If you’re like us, you’re using Dropbox for all kinds of unusual tasks. But we wanted to go further, so we asked the experts at Dropbox to tell us their most unusual, unexpected and crazy ways to use this versatile software tool.
If you’re not familiar with Dropbox, it’s free desktop synchronization software that lets you store a copy of a file on your computer and then access that same file from anywhere. You can store up to 2GB for free. Go over that amount, and it’ll cost you $10 a month for 50GB and $20 a month for 100GB.
Here’s the scoop from our experts for three different levels of Dropbox users:
For Beginners Only
Before we get to the advanced techniques, one Dropbox expert suggested that we focus on the basics. Beginners, this is for you; advanced users, you already know all this stuff, go ahead and skip to the next section.
Sync between two computers: This is the most basic task, where you install the Dropbox application onto two computers and synchronize files between them.
Undelete: We were so relieved when we first discovered this feature. Simply go to the Dropbox website, click the arrow that appears to the right of the file when you position your cursor over it, and select Previous Versions. Look at that — it’s your own Time Machine.
Share a folder to collaborate: We do this all the time here at Mashable, where everyone has access to the same files, and if someone else is working on that file, it lets us know so we won’t overwrite each other.
For Astute Users
Now that we have the basic techniques out of the way, here’s where our team of Dropbox experts get into the intermediate stuff:
Learn the keyboard shortcuts: Just like any application where you’re a power user, you can work much more efficiently with shortcuts, jumping all over the place by pressing just a few keys. For example, you can show/hide deleted files just by pressing “d.” Move up a directory with the letter “u.” Check out all 13 keyboard shortcuts here.
Password/Vault synching: Apps such as 1Password, KeePass and Tiny Password will let you store your secrets in your Dropbox, and then access them from any other device where you have these applications installed. Or, do like we do and use LastPass, a browser plug-in that performs all the synchronization in the cloud for you itself.
Sync between desktop and iOS device: Here’s what one expert called “beautiful, quick syncing,” where you never have to click “save” to save your notes. Mac users, he recommends using Notational Velocity on the desktop and PlainText on any IOS device to sync notes through Dropbox. For PC users, you can store notes in .txt format (using an applet like Notepad) and save them in Dropbox, where you can open them using the PlainText app (which we love) on your iOS device.
For Smarty Pants Users
Now we get into the advanced techniques. Here’s the most unusual tip we got from our experts, this from one of Dropbox’s sales team:
Sync music for your car: As our expert tells it, “I’m using Dropbox to sync a small netbook in the trunk of my car with my music library, and then have that connected to my head unit for playback. Anytime I’ve added new music to the library on my home PC, the next time I get in my car I will set my Android phone as a mobile hotspot, use that to hook the netbook up online, and I have the local Dropbox account on the machine selectively synced out of every folder except my music. It syncs the new music while I’m driving around and I now have way more songs in my car than I could ever fit on an iPod, including my favorite new edition of Arcadio.”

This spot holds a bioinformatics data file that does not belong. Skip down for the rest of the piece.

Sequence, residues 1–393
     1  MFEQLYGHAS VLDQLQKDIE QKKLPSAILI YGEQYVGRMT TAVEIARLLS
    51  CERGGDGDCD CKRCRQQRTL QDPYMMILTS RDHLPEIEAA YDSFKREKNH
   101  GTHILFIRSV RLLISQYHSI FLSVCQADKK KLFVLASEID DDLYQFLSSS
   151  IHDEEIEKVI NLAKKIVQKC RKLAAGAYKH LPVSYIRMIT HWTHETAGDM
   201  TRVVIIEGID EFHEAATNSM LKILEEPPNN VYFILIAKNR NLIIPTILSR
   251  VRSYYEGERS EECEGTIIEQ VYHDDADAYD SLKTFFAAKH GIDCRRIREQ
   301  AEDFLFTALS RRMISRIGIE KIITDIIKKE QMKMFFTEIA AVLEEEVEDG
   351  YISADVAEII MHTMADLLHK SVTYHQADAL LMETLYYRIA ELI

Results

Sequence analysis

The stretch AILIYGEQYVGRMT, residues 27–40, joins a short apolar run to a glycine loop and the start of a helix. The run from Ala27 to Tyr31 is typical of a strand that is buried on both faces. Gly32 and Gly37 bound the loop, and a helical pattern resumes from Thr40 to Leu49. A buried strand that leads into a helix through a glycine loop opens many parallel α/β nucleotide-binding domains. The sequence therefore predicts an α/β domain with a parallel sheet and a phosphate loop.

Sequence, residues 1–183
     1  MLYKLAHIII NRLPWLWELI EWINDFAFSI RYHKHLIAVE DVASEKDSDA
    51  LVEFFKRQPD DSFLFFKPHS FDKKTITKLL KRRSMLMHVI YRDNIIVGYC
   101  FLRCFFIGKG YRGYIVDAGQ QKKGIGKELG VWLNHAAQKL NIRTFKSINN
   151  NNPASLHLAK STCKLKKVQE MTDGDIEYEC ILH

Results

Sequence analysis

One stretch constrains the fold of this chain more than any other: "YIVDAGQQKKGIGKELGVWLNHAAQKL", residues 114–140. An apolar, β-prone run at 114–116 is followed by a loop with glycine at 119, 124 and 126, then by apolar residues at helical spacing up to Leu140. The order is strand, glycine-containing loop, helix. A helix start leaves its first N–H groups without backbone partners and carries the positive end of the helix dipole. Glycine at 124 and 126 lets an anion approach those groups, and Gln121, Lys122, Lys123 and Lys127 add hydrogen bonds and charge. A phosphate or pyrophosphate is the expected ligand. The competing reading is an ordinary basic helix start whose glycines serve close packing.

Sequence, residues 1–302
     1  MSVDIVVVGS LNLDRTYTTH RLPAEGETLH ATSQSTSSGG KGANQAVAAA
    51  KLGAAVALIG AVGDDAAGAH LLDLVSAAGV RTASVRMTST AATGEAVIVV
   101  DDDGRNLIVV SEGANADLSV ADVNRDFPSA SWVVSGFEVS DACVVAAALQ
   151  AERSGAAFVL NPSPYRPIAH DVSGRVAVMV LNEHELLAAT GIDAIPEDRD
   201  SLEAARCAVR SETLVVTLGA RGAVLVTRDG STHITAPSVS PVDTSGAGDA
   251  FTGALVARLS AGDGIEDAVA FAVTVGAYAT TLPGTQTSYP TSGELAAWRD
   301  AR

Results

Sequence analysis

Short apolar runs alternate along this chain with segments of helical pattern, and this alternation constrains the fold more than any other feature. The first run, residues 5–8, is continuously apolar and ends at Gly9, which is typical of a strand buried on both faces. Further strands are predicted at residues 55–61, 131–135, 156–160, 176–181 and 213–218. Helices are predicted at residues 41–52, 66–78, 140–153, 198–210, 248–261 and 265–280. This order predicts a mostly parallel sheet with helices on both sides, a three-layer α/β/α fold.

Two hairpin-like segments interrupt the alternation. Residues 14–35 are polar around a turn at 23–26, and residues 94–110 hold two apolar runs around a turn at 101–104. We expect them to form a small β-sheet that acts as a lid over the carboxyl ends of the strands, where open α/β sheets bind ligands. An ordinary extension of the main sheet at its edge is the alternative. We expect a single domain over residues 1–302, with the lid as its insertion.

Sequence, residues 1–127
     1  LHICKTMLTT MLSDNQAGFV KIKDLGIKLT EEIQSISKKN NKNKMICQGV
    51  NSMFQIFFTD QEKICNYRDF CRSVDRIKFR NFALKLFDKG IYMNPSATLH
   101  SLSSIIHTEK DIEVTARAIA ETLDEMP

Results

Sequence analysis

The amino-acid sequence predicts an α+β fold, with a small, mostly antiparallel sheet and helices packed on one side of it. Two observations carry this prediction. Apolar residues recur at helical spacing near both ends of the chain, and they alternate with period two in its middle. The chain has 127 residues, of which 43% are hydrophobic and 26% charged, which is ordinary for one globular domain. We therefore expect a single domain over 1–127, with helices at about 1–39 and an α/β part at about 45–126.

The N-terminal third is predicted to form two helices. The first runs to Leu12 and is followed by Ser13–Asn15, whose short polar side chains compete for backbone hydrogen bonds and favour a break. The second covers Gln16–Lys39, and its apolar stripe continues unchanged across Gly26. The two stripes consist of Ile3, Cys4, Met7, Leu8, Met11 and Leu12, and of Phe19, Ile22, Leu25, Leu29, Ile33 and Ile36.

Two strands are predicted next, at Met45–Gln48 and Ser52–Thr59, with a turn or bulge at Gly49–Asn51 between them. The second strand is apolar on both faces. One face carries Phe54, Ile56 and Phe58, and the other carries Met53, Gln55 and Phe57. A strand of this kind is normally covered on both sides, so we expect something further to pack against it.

Chrome data syncing: Chrome browser users, try moving your Chrome data file to Dropbox, and your entire session — everything, including windows and settings, opens just how you want on any other computer. Our expert warns of a downside, though: conflicted copies of your settings files if Chrome is open on two computers at the same time. Here’s more info for the adventurous.
For Techno-Gods Only
Abandon all hope all ye who enter here, well, unless you’re a techno-guru. Here’s the granddaddy tip of them all, a way to get remote desktop access to all of your machines by using Windows Server 2008, straight from the upper echelons of Dropbox:
Compute anywhere: “One of the lesser known features of Windows Server 2008 R2 (and the currently-in-beta Windows Home Server “Vail” which is based on R2) is called RemoteApp. Basically it allows you to launch a self-contained streaming instance of an application that is installed on the server and delivered via
a remote desktop session where you only see the app on the client side.
“It’s cool because, on a Windows machine, it can be run one of two ways: via an RDP file, or taking it a step further, using an MSI installer package which makes it look like the app is installed on the local machine, complete with file associations. You can also run multiple instances from multiple remote locations at the same time. This is particularly cool for special file types like PSD’s where it may not be convenient or possible to install the app on the remote machine.
“Tying in to Dropbox, I had two folders: one called RDP and one called MSI. I was able to take my apps with me anywhere and if it was a Windows machine I had control of, I was able to “install” the remote app as well. The end goal was to be able to remotely launch a single copy of iTunes from anywhere and possibly even map the USB ports (you can set that up when you make the MSI) so I could sync my iPhone remotely. It was also great for controlling apps that needed some horsepower (i.e. Handbrake) from much more underpowered devices.”
Commenters, let us know how these tips worked for you, and tell us more ways to get the most out of Dropbox.
We’d like to thank all those at Dropbox who helped us prepare this post.
January 23, 2011